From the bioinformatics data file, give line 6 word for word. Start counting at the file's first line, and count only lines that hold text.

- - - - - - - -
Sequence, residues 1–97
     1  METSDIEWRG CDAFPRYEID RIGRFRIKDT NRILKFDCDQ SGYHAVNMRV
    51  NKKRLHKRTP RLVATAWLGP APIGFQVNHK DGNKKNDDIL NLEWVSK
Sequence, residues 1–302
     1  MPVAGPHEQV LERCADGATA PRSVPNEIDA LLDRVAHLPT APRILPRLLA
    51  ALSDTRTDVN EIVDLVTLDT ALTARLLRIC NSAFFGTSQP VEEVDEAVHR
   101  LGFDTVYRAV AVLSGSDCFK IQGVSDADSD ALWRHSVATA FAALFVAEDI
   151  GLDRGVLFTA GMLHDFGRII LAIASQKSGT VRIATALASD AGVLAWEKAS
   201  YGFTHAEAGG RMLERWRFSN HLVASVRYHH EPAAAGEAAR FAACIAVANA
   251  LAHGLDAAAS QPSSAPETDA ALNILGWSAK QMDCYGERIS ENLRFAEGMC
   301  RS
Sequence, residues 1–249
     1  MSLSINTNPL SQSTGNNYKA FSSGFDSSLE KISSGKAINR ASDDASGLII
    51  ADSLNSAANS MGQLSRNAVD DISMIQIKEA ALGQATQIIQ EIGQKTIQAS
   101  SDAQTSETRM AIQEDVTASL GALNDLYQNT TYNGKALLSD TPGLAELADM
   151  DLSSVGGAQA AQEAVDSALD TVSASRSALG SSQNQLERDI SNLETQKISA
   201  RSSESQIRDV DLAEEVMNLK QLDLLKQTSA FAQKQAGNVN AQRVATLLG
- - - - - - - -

    51  ALSDTRTDVN EIVDLVTLDT ALTARLLRIC NSAFFGTSQP VEEVDEAVHR